In March 2014, the bank took over a loan amounting to Tk 5.40 crore taken by Golden Star Industries Ltd from the Mercantile Bank’s Dhanmondi branch.
The bank increased the credit limit to Tk 8.50 crore for Golden Star in November, 2015 although the client had huge amount of loans against trust receipt (LTR) under overdue position, the BB reports said.
The principal branch of the bank took over a liability of Tk 8.77 crore from an EXIM Bank client namely First Corporation (Pvt) Ltd on April 27, 2015.
The bank later raised the credit limit to Tk 20 crore for the client with taking collateral securities worth Tk 7.82 crore against a land submerged in water.
The client faced an overdue situation on August 27, 2015, but the bank did not show the loan as defaulted one, the BB reports said.
Moreover, the managing director of the bank extended the tenure of the credit limit for the company on July 15, 2016 without placing the proposal to the credit committee of the bank.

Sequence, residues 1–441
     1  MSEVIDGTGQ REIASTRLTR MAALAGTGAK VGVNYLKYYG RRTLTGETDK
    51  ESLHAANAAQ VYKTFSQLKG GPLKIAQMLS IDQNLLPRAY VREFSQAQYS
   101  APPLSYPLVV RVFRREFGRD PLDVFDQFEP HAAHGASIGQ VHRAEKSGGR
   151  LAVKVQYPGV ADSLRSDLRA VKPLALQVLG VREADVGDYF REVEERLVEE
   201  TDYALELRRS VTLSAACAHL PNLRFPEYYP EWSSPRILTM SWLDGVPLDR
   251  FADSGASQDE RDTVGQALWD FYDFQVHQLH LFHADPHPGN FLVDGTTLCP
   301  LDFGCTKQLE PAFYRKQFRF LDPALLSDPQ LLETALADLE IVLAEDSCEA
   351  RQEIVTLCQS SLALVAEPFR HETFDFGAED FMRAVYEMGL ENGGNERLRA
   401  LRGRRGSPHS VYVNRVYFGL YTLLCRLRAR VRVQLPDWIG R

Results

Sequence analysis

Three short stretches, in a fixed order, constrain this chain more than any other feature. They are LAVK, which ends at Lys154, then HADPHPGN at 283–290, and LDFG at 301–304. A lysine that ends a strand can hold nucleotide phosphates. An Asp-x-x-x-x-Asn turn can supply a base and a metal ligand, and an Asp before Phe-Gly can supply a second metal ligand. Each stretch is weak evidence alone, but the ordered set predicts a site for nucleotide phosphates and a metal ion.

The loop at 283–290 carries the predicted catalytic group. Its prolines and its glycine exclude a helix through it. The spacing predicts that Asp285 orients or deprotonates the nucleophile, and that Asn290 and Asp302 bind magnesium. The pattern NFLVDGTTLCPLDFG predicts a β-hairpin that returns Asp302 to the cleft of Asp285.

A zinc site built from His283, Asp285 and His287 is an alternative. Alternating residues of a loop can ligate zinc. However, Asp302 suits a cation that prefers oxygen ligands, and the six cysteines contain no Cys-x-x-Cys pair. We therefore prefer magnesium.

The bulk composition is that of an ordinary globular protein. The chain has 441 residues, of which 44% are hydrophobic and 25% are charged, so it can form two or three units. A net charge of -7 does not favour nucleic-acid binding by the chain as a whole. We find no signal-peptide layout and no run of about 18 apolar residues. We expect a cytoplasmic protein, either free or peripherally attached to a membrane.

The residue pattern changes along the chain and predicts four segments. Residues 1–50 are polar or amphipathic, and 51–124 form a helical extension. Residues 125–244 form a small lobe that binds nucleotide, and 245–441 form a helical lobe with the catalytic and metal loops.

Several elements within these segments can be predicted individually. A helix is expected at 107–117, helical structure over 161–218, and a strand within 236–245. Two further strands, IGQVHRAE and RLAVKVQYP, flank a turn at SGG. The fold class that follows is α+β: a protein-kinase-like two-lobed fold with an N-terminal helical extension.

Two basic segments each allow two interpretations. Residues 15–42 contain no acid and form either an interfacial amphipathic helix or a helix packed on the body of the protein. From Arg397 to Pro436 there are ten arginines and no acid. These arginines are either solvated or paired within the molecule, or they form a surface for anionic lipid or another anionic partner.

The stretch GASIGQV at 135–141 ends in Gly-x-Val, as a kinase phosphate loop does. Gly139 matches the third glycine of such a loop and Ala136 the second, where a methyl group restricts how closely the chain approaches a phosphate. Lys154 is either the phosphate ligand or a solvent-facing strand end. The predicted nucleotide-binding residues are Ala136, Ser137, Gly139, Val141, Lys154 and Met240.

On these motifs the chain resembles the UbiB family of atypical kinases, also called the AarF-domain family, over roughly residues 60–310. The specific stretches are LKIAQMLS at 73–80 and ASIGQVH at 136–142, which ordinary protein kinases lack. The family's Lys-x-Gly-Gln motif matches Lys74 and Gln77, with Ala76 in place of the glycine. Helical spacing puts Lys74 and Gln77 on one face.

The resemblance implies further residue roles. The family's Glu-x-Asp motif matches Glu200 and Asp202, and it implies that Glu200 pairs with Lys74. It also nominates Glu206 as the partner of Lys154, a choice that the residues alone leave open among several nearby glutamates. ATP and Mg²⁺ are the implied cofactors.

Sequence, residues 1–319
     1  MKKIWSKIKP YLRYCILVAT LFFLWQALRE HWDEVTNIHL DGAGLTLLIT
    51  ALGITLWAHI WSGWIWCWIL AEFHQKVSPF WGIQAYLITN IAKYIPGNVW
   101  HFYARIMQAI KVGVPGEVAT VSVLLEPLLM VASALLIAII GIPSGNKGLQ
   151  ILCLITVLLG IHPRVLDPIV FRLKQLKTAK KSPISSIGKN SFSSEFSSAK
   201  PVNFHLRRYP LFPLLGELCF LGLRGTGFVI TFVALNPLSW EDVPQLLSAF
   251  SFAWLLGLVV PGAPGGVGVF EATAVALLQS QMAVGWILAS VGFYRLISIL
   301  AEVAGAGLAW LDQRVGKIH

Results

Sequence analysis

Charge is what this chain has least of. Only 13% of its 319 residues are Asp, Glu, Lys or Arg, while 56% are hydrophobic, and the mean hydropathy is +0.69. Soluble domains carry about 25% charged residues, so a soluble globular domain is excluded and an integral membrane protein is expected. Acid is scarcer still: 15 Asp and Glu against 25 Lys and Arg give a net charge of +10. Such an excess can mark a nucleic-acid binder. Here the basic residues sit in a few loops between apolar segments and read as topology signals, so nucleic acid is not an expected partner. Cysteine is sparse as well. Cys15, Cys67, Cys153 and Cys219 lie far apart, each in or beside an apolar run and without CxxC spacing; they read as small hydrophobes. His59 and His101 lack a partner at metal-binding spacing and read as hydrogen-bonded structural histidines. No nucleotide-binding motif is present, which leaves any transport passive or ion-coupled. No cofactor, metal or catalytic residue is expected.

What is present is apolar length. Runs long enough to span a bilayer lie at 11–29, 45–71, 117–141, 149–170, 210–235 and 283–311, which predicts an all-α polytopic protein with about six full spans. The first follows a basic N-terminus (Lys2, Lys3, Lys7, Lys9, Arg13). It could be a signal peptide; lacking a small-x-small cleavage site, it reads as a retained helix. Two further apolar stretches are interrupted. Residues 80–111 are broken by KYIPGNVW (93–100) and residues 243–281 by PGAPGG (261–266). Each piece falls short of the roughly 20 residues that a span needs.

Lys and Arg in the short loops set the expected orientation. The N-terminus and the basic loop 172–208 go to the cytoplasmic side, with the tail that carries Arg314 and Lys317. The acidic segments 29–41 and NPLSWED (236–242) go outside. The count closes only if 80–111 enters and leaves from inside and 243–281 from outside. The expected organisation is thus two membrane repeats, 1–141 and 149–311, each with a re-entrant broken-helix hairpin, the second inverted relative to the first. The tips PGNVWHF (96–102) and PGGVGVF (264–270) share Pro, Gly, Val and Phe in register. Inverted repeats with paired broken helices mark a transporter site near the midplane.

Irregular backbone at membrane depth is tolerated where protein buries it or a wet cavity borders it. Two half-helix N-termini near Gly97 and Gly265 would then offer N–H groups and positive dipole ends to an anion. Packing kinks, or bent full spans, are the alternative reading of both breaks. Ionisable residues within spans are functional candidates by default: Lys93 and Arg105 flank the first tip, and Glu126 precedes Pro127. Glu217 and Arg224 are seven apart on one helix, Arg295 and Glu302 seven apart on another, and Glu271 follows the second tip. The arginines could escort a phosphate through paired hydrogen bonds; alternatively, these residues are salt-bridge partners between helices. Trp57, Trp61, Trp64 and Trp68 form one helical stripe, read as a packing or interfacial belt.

NRBC Bank’s principal branch disbursed Tk 20 crore to Mercantile Bank director Akram Hossain to rebuild a hotel on taking collateral securities of the client’s bank shares.
NRBC Bank has no information where the client used the fund meaning that the principal branch did not follow the due diligence to disburse the loan, the BB reports said.
The bank disbursed Tk 32.92 crore to Thermax Group without taking any collateral securities. Of the loan, Tk 30 crore was given to Standard Chartered Bank to repay the previous loans of the client.
No collateral securities were transferred to NRBC Bank from Standard Chartered Bank against the loan.
The client used the NRBC Bank to avoid being defaulted at Standard Chartered Bank, the BB reports said.
The principal branch also sanctioned a credit limit of Tk 226 crore to Anowar Ispat Ltd, Abdul Moem Ltd, Rangs Motors and Nitol Motors (Pvt) Ltd without taking any collateral securities.
The sanctioned credit limit has created a risky situation for the bank’s credit portfolio, the central bank’s reports said.
The Dhanmondi branch of NRBC Bank disbursed to Messer’s Goldberg Tk 24 crore of which funded loan was Tk 17.78 crore and non-funded loan Tk 6.22 crore.
The BB inspection teams unearthed that imported products worth only Tk 70 lakh to Tk 80 lakh remained at the client’s depot.